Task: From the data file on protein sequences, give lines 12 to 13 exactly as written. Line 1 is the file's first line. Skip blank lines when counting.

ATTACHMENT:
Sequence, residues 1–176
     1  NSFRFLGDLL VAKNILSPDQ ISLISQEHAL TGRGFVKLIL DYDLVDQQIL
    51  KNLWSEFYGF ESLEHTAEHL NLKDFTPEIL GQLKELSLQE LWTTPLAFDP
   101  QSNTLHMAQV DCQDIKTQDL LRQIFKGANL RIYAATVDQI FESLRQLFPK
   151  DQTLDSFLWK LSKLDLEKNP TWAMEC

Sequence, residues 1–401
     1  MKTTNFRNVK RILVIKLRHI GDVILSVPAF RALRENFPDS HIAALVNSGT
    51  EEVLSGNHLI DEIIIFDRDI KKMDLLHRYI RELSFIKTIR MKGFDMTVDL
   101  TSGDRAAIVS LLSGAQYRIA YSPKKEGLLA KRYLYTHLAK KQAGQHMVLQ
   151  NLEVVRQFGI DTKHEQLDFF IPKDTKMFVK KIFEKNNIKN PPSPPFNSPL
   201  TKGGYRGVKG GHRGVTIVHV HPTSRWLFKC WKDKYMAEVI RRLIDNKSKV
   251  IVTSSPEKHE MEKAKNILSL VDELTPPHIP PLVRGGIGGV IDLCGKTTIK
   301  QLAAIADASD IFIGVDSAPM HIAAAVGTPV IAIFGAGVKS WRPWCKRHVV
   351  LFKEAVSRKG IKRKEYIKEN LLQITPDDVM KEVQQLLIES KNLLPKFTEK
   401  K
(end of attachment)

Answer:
   251  IVTSSPEKHE MEKAKNILSL VDELTPPHIP PLVRGGIGGV IDLCGKTTIK
   301  QLAAIADASD IFIGVDSAPM HIAAAVGTPV IAIFGAGVKS WRPWCKRHVV